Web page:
The Closet

April 4, 2014

Our 5 3/4 year old grandson said to his mom and dad last weekend, “Well, I finally figured it out.”

“What?” they asked.

“Life,” he answered.

“Life?” they wondered.

“Yeah, life is like a closet full of really great things.  It has a door on it and when you make good choices, that door opens and those wonderful things pour out.  But when you make bad choices, the door stays shut,” he told them.

Orange is the New Black, by Piper Kerman, is our most recent book club selection.  Our group chooses books randomly – which our laid-back, adventurous group embraces – but you never know what you might get next.  Even those who choose might be surprised, but that’s just fine b/c we all just love a good story, so we run with ’em.  Someone mentioned that this particular book was the subject of a TV show, (which I’d never heard of), but b/c Barbara, our English teacher, had recommended it, I was looking forward to reading it.  And I was not disappointed.  Kerman’s memoir of her year in a federal prison is a great read, with grace, beauty and love revealed through the lives of many whose own closet doors had often been shut b/c of their choices, b/c of the choices of others or just because.  I didn’t want to put the book down.

Piper Kerman tells it like it is; she doesn’t try to pretty it up.  She’s honest about others, the circumstances and her own choices.  And sometimes her candor, coming out of nowhere, kicks you in the gut and causes you to stop right where you are:

‘When they shackle you, try to flex your wrists so there’s a little more room, and if you try to catch the marshal’s eye when he’s chaining you, maybe he won’t cuff you so tight your circulation goes.  Oh, and double up your socks so the restraints don’t make your ankles bleed.’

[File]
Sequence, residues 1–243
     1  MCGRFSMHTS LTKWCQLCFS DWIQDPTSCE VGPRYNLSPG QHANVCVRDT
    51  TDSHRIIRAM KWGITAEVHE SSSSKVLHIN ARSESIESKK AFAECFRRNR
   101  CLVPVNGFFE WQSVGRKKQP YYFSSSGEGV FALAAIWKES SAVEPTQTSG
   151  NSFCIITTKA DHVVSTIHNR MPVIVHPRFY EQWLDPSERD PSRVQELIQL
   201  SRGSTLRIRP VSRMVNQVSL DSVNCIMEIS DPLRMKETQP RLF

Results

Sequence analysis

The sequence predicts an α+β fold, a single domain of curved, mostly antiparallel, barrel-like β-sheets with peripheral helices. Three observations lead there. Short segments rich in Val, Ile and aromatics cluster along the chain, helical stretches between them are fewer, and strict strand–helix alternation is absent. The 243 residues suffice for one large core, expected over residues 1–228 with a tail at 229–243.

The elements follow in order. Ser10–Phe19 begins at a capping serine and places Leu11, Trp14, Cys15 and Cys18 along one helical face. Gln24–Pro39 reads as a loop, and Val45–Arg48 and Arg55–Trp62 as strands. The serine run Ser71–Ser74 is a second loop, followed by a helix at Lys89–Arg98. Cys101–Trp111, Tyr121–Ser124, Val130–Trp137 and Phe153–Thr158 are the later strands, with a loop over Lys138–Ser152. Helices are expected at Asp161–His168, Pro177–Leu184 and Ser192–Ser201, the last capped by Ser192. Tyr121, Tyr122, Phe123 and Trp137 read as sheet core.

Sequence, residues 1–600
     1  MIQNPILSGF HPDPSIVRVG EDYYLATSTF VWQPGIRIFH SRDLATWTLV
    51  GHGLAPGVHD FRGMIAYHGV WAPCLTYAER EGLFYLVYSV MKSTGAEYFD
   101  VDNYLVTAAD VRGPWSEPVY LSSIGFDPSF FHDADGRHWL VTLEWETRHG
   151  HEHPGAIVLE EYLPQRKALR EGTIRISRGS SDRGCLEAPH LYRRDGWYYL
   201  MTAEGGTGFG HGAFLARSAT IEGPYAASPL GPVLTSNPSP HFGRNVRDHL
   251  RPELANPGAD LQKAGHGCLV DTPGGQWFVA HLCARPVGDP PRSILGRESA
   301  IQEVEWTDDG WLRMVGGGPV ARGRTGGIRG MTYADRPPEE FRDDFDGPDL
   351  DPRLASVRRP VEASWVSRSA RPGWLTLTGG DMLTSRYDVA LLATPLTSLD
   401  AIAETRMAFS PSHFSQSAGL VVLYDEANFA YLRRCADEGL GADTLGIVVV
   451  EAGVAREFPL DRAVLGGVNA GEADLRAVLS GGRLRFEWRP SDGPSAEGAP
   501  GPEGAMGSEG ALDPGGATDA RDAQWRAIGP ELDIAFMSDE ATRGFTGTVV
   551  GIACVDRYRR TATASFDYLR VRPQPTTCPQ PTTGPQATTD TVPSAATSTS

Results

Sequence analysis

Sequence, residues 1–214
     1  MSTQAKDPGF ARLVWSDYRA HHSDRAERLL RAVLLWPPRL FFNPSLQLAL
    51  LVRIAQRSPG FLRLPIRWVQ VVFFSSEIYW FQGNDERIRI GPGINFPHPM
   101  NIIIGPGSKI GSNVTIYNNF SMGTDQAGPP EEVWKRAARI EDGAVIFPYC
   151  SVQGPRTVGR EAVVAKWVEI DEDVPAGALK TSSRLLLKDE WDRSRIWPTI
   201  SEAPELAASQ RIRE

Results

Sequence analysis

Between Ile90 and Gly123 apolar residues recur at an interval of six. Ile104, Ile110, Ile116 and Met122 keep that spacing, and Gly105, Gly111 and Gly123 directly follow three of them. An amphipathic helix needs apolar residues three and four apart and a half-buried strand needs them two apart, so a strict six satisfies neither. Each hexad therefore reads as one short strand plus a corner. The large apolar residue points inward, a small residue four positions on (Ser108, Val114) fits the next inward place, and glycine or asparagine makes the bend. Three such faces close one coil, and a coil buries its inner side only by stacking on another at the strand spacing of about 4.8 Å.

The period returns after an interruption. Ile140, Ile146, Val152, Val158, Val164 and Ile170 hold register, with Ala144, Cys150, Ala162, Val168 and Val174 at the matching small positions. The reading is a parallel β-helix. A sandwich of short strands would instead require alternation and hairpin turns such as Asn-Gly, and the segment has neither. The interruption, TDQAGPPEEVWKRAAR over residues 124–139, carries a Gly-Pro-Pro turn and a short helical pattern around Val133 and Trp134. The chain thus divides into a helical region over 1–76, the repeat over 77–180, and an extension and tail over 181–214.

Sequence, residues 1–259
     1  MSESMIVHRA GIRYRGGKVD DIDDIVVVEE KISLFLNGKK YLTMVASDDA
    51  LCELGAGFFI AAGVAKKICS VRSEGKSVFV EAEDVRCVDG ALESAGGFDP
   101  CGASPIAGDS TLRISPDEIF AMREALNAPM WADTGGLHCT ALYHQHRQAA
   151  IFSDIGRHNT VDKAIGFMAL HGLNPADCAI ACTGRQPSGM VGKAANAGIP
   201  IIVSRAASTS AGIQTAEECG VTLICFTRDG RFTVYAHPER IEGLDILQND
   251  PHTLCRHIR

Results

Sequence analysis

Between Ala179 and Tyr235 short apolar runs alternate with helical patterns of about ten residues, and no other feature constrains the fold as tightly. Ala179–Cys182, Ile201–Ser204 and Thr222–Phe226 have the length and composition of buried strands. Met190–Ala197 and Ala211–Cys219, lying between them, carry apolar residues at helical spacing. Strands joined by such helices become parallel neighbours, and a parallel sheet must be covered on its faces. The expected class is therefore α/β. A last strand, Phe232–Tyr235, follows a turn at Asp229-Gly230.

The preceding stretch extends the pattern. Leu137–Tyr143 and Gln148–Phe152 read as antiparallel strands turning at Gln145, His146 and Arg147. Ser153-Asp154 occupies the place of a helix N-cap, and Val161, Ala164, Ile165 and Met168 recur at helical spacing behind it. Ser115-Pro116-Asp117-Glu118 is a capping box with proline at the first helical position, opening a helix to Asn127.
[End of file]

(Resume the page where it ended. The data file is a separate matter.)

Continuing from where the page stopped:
‘Pray they don’t send you through Georgia.  They stick you in a county jail, and it’s the worst place I’ve ever been in my life.’…

I went to talk to the Marlboro Man.  ‘Mr. King, they’re shipping me out on a writ, to Chicago.’  I actually succeeded in making him look surprised.

Then he laughed.  ‘Diesel therapy.’


‘Around here we call the airlift ‘diesel therapy.’

I had no idea what he was talking about…..

….After a rough pat-down, a female marshal checked my hair and my mouth for weapons, and the hop was on to the stairs up to the plane. 

On board were more marshals, enormous beefy men and a handful of weathered-looking women in navy blue uniforms.  As we clinked and clanked into the passenger seating area, we were greeted by a wave of testosterone….

Con Air is like a layer cake of the federal prison system.  Every sort of prisoner is represented…

I was feeling more positively about everyone’s shackles….

Con Air does not fly direct….At one stop more women got on.  One of them paused in the aisle, waiting for a marshal to tell her where to sit.  She was a scrawny little white woman, missing teeth, with a cloud of hair that was an indeterminate shade somewhere between gray and peroxide.  She looked like a woebegone yard chicken, like she had led a hard life.  As she stood there, some wise___ called out, ‘Crack kills!’ and half the plane, which must have contained some crack dealers, busted out laughing.  Her homely face fell.  It was like the meanest thing you ever saw on the schoolyard.  (pp. 257, 262, 263)

And some hardly have any closets at all.  🙁  🙁






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